Canada-U.S. Tax Treaty Article XXIX B Taxes Imposed by Reason of Death A U.S. estate tax return must be filed if a deceased Canadian resident who is not an American citizen-owned U.S.-situated asset exceeding $60,000 fair market value at death.  However, if the deceased made substantial lifetime gifts of U.S. property, a U.S. estate tax return may be required even if the U.S. assets do not exceed $60,000 at the time of death. If your total worldwide estate in 2013 is less than $5.25 million US at the time of death (see below for what is included), you will likely not have to pay any US estate tax.  If the estate is passing to a spouse, a marital credit may also be available to reduce the tax payable.

For 2010 to 2012, with the passing of the US bill H.R.4853 — Tax Relief, Unemployment Insurance Reauthorization, and Job Creation Act of 2010 (pdf), the highest tax rate on estates was 35%, and no U.S. estate tax was payable in 2010 to 2012 if the total worldwide estate was $5 million or less, indexed for inflation after 2010.

With the passing of the American Taxpayer Relief Act of 2012 in January 2013, the estate tax on the taxable portion of the estate, if any, is 40%.  The exemption of $5 million for 2011 was made permanent and is indexed for inflation, resulting in an exemption of $5.25 million in 2013.  See S. 2010 of the Internal Revenue Code.  However, the exemption is prorated for Canadians, based on the value of their US assets compared to worldwide assets.

The total worldwide estate includes:

Are exchange-traded funds (ETFs) and American Depositary Receipts (ADRs) subject to US estate tax?

The U.S. Internal Revenue Code s. 2104 states that “shares of stock owned and held by a nonresident not a citizen of the United States shall be deemed property within the United States only if issued by a domestic corporation”.

IRS ruling letter 200243031 (pdf) indicates that American Depositary Receipts (ADRs) would not be subject to US estate tax when held by a non-resident of the US.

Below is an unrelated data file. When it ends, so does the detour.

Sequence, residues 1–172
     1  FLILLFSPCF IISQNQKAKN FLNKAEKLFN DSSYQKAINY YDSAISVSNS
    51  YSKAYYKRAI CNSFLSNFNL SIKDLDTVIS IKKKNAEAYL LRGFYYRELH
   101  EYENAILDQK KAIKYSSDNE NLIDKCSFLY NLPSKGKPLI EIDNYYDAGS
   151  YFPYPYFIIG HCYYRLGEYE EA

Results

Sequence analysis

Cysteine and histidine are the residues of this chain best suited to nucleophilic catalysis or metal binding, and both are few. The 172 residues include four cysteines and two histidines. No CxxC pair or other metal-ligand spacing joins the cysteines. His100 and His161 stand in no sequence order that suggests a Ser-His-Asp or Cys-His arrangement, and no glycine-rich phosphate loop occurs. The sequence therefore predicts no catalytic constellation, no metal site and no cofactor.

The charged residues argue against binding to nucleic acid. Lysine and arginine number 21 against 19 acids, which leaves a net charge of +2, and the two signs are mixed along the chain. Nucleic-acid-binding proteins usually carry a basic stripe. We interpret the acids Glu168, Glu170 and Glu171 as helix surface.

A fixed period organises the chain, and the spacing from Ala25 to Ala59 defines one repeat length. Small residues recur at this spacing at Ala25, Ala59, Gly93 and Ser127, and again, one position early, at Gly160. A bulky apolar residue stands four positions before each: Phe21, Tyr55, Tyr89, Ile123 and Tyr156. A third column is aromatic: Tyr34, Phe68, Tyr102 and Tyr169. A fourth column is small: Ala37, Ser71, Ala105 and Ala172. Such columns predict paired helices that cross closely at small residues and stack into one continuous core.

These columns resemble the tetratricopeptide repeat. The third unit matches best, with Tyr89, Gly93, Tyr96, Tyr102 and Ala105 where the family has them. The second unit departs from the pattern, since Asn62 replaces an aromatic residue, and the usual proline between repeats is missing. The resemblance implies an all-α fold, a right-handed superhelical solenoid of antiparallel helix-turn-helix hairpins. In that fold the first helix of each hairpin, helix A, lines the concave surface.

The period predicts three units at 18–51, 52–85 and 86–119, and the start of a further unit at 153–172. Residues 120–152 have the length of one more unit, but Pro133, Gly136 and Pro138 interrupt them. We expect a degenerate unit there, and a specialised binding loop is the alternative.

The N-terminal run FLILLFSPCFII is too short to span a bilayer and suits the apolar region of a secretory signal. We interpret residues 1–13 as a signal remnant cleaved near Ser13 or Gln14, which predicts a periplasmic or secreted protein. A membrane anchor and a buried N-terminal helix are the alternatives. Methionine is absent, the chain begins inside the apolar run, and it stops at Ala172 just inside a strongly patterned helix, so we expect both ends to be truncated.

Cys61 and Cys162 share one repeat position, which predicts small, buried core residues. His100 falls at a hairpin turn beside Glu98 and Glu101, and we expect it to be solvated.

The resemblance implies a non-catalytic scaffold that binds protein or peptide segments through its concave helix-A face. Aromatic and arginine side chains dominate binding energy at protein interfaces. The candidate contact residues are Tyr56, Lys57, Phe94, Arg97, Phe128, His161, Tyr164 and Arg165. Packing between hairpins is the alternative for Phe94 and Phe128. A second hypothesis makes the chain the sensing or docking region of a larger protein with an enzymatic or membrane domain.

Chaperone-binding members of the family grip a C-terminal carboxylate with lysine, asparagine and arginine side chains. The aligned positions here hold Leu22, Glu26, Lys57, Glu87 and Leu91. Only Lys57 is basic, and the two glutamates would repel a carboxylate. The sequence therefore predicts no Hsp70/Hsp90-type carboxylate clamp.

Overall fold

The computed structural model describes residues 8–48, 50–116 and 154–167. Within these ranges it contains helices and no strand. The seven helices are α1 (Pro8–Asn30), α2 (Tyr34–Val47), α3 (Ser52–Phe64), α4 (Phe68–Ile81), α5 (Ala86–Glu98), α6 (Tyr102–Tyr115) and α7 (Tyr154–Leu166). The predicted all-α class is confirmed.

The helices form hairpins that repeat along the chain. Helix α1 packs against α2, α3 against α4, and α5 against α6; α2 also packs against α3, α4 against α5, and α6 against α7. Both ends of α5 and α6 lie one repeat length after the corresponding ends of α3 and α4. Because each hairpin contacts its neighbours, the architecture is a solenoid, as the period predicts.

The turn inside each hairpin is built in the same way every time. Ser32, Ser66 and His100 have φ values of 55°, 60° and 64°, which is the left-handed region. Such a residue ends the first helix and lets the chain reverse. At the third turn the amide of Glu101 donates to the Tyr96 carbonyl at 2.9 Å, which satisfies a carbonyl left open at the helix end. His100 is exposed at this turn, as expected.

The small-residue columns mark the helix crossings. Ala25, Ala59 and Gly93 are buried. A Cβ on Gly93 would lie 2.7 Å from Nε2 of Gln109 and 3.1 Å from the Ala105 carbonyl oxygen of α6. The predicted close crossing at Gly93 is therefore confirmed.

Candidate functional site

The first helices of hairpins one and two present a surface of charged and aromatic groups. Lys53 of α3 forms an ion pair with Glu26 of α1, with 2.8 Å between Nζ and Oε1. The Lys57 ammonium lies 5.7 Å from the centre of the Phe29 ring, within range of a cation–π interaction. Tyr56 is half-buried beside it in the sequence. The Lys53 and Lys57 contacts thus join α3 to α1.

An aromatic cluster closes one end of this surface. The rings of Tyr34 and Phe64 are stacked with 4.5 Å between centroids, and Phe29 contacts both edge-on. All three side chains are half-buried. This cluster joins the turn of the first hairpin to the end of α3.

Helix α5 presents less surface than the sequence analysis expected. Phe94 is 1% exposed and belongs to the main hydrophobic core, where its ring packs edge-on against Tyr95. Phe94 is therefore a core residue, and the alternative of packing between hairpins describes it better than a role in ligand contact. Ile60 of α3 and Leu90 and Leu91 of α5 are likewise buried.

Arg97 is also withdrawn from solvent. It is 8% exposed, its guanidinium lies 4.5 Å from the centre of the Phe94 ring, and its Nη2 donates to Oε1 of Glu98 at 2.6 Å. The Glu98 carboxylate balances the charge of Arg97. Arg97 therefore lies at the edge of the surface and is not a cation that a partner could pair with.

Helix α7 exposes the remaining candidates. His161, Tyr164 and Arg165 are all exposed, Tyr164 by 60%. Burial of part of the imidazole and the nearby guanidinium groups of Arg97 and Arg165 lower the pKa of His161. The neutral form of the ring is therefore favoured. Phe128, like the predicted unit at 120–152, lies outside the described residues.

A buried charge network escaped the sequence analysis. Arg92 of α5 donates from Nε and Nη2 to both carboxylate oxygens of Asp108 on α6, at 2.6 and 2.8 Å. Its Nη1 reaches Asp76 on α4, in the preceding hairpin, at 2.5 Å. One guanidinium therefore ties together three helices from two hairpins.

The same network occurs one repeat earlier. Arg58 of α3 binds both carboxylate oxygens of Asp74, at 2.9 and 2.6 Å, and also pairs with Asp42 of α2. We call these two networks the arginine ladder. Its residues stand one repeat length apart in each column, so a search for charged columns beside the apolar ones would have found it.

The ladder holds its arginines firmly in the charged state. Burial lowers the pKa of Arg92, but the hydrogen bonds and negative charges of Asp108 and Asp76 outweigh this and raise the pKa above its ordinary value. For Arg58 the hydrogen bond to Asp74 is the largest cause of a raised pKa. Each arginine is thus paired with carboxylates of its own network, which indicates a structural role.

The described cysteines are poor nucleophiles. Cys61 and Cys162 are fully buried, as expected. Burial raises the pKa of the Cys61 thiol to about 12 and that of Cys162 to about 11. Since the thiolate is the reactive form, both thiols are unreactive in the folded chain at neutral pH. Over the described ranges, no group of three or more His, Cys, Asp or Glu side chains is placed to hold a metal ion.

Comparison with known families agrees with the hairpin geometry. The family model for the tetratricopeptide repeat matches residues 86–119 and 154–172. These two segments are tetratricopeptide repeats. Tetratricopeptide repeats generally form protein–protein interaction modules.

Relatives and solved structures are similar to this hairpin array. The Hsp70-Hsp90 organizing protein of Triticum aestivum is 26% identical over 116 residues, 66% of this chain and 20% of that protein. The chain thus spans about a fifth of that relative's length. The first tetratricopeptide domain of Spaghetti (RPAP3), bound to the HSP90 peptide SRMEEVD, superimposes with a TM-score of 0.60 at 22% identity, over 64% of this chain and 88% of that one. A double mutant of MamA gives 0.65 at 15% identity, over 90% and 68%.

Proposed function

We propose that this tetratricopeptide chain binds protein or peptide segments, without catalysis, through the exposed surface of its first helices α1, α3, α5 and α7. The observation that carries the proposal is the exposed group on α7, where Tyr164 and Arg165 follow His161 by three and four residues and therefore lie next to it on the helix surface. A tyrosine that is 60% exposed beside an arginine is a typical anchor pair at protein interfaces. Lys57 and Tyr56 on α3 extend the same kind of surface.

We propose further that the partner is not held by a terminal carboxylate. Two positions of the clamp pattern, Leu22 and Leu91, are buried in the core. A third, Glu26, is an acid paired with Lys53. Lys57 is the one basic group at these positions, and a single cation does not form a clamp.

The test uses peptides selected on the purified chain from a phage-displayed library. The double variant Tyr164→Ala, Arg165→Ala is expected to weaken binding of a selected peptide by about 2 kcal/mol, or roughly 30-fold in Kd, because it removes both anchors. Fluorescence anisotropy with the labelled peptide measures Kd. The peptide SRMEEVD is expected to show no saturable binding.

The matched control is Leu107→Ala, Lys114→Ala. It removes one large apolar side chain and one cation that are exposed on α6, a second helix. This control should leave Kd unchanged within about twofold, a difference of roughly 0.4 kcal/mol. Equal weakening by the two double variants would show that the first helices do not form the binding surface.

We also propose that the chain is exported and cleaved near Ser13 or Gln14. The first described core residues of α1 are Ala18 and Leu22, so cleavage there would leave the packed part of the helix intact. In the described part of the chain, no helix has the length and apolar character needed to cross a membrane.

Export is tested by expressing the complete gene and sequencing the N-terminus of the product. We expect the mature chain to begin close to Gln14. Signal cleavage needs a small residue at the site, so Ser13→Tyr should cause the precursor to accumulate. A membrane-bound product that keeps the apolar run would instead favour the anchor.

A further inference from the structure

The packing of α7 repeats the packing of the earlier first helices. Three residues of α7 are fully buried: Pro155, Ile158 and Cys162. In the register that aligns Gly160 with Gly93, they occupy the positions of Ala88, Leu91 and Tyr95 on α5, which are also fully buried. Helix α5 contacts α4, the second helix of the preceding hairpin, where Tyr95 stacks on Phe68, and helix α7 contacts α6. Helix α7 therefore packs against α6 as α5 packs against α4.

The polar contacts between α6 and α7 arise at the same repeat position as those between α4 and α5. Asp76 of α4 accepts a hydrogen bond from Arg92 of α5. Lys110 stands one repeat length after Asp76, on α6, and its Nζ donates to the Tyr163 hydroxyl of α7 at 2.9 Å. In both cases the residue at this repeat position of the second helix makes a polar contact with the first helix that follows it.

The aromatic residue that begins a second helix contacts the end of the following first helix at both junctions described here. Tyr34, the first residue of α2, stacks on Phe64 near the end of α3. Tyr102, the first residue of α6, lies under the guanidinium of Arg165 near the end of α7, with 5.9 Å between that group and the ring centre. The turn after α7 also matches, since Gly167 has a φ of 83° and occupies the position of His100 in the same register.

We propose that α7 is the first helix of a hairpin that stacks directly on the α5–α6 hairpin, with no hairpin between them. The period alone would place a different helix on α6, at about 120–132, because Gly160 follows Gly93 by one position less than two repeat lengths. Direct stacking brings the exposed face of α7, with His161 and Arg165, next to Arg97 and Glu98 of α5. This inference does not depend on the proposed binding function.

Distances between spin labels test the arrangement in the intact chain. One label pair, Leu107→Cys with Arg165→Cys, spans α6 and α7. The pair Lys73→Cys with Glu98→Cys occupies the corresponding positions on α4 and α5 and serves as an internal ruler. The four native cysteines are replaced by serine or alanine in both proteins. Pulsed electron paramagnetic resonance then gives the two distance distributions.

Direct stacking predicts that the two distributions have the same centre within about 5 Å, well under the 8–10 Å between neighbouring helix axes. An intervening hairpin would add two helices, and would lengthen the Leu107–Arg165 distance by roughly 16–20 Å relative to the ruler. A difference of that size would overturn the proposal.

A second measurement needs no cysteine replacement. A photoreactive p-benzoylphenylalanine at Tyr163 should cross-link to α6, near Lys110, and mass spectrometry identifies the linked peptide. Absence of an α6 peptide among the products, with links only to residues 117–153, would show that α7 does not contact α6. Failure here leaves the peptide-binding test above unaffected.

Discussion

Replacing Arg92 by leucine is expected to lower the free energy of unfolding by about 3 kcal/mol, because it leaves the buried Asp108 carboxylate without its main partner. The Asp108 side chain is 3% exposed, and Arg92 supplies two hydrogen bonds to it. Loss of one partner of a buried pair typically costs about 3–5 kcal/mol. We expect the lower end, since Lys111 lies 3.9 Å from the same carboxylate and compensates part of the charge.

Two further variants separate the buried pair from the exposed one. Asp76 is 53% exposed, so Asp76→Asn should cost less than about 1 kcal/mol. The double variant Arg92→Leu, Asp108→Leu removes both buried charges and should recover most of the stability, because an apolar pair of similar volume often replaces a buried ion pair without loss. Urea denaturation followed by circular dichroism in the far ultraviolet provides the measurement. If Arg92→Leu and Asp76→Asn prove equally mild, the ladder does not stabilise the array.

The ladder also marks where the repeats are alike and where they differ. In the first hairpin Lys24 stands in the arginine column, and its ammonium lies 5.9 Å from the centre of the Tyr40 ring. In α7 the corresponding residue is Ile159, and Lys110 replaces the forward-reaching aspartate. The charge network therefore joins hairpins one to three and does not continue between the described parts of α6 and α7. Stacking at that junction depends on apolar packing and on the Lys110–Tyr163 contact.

It appears that US ETFs trading on a US exchange would be considered US-situated assets, but Canadian ETFs holding US stocks would not be considered US-situated assets.  At this point, we’re not sure if this is only applicable to US ETFs holding US stocks, or would also apply to US ETFs holding foreign stocks.

Are US stocks in RRSPs subject to US estate tax?

When US stocks are held in an RRSP, RRIF, or other non-registered accounts which are considered a trust, they will be considered US-situated assets, and subject to US estate tax.  However, a Canadian mutual fund which holds US stocks would likely not be considered US-situated assets.  See the following excerpt from IRS Chief Counsel memorandum 201003013 (pdf) released January 22, 2010:

If the Canadian mutual funds held by Decedent’s RRSP are classified as corporations for U.S. tax purposes, the shares of the mutual funds would not constitute U.S. situs property under § 2104(a) and would not be includible in Decedent’s U.S. gross estate.  (The underlying assets also would be excluded from Decedent’s U.S. gross estate.)  You indicated that the RRSP held shares in several mutual funds that are organized as  trusts. However, a mutual fund may have been formed as a “trust” under Canadian law, but be properly classified as a corporation under U.S. law. Based on the information provided, it appears that all the Canadian mutual funds held by Decedent’s RRSP would be classified as corporations for U.S. tax purposes.

We’re still trying to confirm if all Canadian mutual funds are excluded from US-situated assets – i.e., to determine what causes them to be classified as corporations for U.S. tax purposes.

Are US stocks held in a Canadian corporation subject to US estate tax?

When US stocks are held in a Canadian corporation, they are considered the property of the corporation, not personal property, so would not be subject to estate tax on the death of the shareholder.

All amounts in this article are in US dollars

 

FREE U.S. tax guide for Americans abroad

FREE U.S. tax guide for Americans abroad

The only e-book about U.S. international taxation, which you need to read as U.S. expat:

1. Foreign Tax Credit vs. Foreign Earned Income Exclusion

2. What is the danger of holding a Controlled Foreign Corporation?

3. Why more and more people are renouncing U.S. citizenship?

Thanks for requesting our free tax guide! It will be delivered to your inbox shortly.